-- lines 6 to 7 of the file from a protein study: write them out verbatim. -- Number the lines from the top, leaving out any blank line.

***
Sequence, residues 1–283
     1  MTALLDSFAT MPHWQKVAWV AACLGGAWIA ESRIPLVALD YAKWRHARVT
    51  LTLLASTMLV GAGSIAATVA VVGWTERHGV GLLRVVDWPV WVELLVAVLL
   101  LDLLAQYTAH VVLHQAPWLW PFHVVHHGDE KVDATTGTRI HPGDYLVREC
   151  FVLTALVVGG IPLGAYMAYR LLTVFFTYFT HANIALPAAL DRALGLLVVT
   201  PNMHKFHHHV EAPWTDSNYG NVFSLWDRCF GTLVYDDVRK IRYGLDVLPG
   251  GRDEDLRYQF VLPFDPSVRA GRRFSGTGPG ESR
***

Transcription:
   201  PNMHKFHHHV EAPWTDSNYG NVFSLWDRCF GTLVYDDVRK IRYGLDVLPG
   251  GRDEDLRYQF VLPFDPSVRA GRRFSGTGPG ESR